At least that is what it sounded like last week when the Menlo Park City School District's director of special education angrily addressed district trustees, who were about to rule on Mr. Ghysels' decision to fire her, with no warning, from the position she has held for eight and a half years. Livid upon being dismissed, Olivia Mandilk let loose with a barrage of charges about the superintendent, including a claim that six of his 12 top staff members have left or are leaving their positions since he took over from Ken Ranella less than two years ago. (At least one of the people who is away from her job is apparently on sick leave, and says she has no quarrel with the superintendent, and the others have not been willing or available to comment.)
But this case and Mr. Ghysels' dismissal of other employees, some of whom had been with the district many years, calls into question whether his management style is right for the high-performing school district, whose annual standardized test scores have often placed its four schools among the best in the state. Recent developments and a flood of comments on the Almanac's Town Square website provide a snapshot of a leader who Ms. Mandilk claims uses bullying or other forms of mistreatment when managing his top employees. Mr. Ghysels refused to comment on the bullying charge, but did say, "It's hard to be a leader and make difficult personnel decisions. I know the people have not always been happy with those decisions."
And after the school board upheld the decision to fire the special education director in a closed session last week, president Terry Thygesen said, "I am fully confident that Dr. Ghysels is leading our district effectively."
Ms. Mandilk told the trustees that she had no indication that a change was in store for her when she got the news from Mr. Ghysels. And, she said that as far as she could tell, no staff members or parents were asked to provide input regarding changes in the department, which she says deals with more than 1,000 of the district's approximately 3,000 students. "I have not been informed regarding what direction the superintendent intends to take and what the implications are for the students," she said.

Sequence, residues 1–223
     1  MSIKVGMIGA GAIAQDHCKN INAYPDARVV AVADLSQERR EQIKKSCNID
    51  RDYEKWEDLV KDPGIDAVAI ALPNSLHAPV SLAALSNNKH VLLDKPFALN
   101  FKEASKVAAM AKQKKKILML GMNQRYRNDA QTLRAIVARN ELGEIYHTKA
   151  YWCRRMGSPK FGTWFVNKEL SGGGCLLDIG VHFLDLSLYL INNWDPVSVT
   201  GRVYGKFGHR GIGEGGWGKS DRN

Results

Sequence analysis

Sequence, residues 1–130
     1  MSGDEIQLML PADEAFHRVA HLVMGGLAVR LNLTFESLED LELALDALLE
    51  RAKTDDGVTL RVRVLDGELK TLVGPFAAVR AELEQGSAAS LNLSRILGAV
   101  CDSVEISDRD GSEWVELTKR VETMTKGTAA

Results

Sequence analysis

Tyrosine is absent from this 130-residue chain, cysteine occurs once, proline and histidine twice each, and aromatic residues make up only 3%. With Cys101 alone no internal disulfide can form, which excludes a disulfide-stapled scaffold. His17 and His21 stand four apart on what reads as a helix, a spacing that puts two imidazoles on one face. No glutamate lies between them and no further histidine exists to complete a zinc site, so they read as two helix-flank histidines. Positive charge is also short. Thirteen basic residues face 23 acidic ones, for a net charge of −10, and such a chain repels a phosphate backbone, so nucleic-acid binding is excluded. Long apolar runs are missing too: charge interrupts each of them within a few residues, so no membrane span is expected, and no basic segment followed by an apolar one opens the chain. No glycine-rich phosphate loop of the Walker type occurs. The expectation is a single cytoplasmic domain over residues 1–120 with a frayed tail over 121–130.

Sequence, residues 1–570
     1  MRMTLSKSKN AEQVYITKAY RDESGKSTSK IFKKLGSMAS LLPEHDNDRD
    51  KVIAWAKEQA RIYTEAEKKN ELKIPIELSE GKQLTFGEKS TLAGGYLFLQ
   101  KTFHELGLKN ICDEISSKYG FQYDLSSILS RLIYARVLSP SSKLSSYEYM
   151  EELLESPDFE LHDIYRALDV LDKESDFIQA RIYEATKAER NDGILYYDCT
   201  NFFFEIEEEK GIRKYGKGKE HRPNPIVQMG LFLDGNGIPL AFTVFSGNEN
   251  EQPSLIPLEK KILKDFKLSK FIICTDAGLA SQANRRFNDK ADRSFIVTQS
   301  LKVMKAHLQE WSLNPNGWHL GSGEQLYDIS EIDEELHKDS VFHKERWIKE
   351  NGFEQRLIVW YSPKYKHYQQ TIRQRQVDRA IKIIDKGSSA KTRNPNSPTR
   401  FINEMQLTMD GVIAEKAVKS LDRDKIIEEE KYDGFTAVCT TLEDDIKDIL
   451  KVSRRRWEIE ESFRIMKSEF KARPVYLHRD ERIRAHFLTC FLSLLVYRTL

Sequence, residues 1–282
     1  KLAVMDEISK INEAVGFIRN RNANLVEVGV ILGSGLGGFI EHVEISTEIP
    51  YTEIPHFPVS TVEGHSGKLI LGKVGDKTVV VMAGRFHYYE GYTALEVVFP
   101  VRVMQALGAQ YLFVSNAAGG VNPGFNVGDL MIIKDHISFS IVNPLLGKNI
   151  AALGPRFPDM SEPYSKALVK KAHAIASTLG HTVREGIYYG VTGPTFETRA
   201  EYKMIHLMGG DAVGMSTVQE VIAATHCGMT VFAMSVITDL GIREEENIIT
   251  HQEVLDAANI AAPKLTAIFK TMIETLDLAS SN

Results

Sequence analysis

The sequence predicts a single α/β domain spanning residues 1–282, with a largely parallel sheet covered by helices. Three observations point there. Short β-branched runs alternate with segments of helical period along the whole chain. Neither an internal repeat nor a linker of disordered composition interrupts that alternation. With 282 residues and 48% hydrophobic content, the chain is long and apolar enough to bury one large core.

Although the human relations practices of business and professional organizations can vary, it is common for an under-performing employee to be told that he or she needs to improve in particular categories before being let go, a protocol not followed in Ms. Mandilk's case. Employee reviews are a good way to get a message across so employers can set deadlines for employees to meet various goals. In some cases lower-ranking at-will employees are let go without cause, but top school executives should not be dismissed in a way that causes widespread concern in the department.
Trustees also should act quickly to make sure the superintendent is not bullying his subordinates, as Ms. Mandilk charged. If it is true, it is a practice that destroys morale among employees and could lead to the exodus of good people. School officials across the country are concerned with bullying among students, but it is a terrible situation if employees are feeling bullied by their boss. Just the number of people who have unexpectedly left their positions or left the district altogether should be of great concern to the trustees.
After completing a massive facilities rebuilding project last year that was largely planned and executed under Mr. Ranella, the district is poised to continue a long, successful run of providing an excellent elementary and middle school education for Menlo Park and Atherton students. A stable and caring superintendent and top-quality principals have been the keystones of the district's success. We hope the embarrassing and very public dismissal of Olivia Mandilk and the firing of other top school officials is not the beginning of a housecleaning that could set back the district's performance for years. Mr. Ghysels may fancy himself an innovator, but the latest example of his management style deserves a grade of "F" in our book.